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the race card: 2010
even if you aren't thinking you're playing it, you might be playing it
by jeffrey d. walker
pop culture

In terms of race relations in the United States, some imagined that President Obama's election was proof positive that "change" had indeed come. But a recent Pew Research Center poll indicates that confidence in race relations has been declining. Further, a recent Washington Post / ABC news poll shows that "African Americans' views on achieving racial equality have become more pessimistic" since Obama's inauguration.

One need not seek counsel of Rush Limbaugh, Glenn Beck, Al Sharpton or Jessie Jackson to believe that racial issues continue to strain the fabric of America. One can simply remember the "beer summit" of 2009. Or, better yet, the news coverage of Tiger Woods; not only his recent scandal (a sex scandal / vehicle accident that gets detoured into a race discussion even here on Intrepid Media), but even as far back as his being "Cablinasian."

If you really think about it, Tiger shouldn't even have to dignify the question of his race with a response. But I guess that's par for the course in America (pun intended). In fact, we are all going to be asked our race this year on the 2010 United States Census. And, you'll have more options than ever, since the redesigned questionnaire lists 15 racial categories, as well as places to write in specific races not listed on the form. So this year, Tiger can in fact fill in "Cablinasian."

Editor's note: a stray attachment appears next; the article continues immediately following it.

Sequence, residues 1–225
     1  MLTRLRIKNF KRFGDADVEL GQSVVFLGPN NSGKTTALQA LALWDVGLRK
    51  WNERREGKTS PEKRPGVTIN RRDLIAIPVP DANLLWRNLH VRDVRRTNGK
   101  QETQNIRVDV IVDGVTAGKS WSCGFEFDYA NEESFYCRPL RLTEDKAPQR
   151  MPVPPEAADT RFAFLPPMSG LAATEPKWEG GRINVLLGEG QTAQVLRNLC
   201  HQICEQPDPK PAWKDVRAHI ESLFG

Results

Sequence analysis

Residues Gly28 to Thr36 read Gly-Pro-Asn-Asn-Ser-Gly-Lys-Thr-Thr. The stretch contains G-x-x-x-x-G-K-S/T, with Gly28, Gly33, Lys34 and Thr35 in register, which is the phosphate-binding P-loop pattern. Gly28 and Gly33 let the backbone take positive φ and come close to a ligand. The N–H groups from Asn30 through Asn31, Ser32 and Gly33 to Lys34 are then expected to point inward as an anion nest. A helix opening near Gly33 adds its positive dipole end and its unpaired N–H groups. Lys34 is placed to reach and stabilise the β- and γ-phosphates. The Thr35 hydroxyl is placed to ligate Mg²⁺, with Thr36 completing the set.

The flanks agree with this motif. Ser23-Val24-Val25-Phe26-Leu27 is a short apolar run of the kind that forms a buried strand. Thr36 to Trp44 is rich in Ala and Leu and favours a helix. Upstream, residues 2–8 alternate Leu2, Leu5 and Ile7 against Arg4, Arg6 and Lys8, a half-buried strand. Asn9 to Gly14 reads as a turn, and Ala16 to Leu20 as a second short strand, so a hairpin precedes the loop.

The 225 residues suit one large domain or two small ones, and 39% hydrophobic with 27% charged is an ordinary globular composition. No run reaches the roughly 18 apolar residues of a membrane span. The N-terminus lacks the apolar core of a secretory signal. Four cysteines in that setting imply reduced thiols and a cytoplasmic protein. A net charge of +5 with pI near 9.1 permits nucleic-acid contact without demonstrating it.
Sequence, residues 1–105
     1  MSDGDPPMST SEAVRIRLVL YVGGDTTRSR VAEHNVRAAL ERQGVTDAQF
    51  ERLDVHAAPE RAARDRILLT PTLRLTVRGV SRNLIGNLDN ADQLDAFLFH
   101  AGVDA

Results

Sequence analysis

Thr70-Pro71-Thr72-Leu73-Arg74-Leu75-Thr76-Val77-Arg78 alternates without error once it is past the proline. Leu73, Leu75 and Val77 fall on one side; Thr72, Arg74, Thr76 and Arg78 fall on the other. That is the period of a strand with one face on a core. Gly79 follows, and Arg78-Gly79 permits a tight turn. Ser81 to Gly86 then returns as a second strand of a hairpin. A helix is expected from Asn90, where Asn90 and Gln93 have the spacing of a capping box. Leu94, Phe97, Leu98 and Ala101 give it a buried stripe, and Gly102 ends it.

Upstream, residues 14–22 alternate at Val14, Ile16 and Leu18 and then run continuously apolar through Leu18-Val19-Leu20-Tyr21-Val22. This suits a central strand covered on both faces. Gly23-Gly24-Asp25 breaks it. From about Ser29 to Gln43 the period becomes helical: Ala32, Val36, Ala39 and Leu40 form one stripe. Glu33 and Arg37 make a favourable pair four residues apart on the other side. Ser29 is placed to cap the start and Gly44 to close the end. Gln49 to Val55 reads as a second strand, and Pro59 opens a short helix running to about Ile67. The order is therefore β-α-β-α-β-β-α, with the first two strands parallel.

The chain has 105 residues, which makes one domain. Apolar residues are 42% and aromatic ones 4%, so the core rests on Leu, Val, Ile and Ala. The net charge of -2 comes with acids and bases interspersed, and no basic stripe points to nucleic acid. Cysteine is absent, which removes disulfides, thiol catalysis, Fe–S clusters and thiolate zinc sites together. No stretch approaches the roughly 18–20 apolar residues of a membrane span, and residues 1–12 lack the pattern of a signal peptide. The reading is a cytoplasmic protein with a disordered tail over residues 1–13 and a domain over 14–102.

Tiger jokes aside, the racial stuff that really been troubling me is stuff coming from the mouths of the very politicians supposed to be helping advance race relations in our country: read, elected Democrats. It was revealed that Nevada Senator, Harry Reid, verbally speculated that Obama's presidential campaign was likely to be successful because he is a "light-skinned" African American "with no Negro dialect, unless he wanted to have one."

But he wasn't alone. Former vice-presidential candidate, Geraldine Ferraro, resigned her post from Hillary Clinton's 2008 presidential campaign after stating: "If Obama was a white man, he would not be in this position. And if he was a woman (of any color), he would not be in this position. He happens to be very lucky to be who he is. And the country is caught up in the concept." Even former president Bill Clinton, dubbed America's "first black president", said of Obama's campaign that "A few years ago, this guy would have been getting us coffee".

Let's not pretend that race hasn't come a long way. Jim Crow laws and other legal barriers once blocking African-Americans have been abolished; use of dogs, hoses and lynchings are by-and-large a thing of the past. But the races are not acting as one.

Tina Nole, the producer of the Ron Reagan show, recently wrote a piece that considers the possibility that even a lifetime Democrat like Harry Reid may be a closet racist. She noted that how Reid, in spite of being "... consistently lauded for his policy stances on both race and social justice issues of disproportionate impact on African-Americans ... used racially-charged terms to describe the now-President of the United States and his standing with white voters". Nole surmises that these comments "... indicate that, though he doesn't mean to be, somewhere, deep down, he is one kind of racist."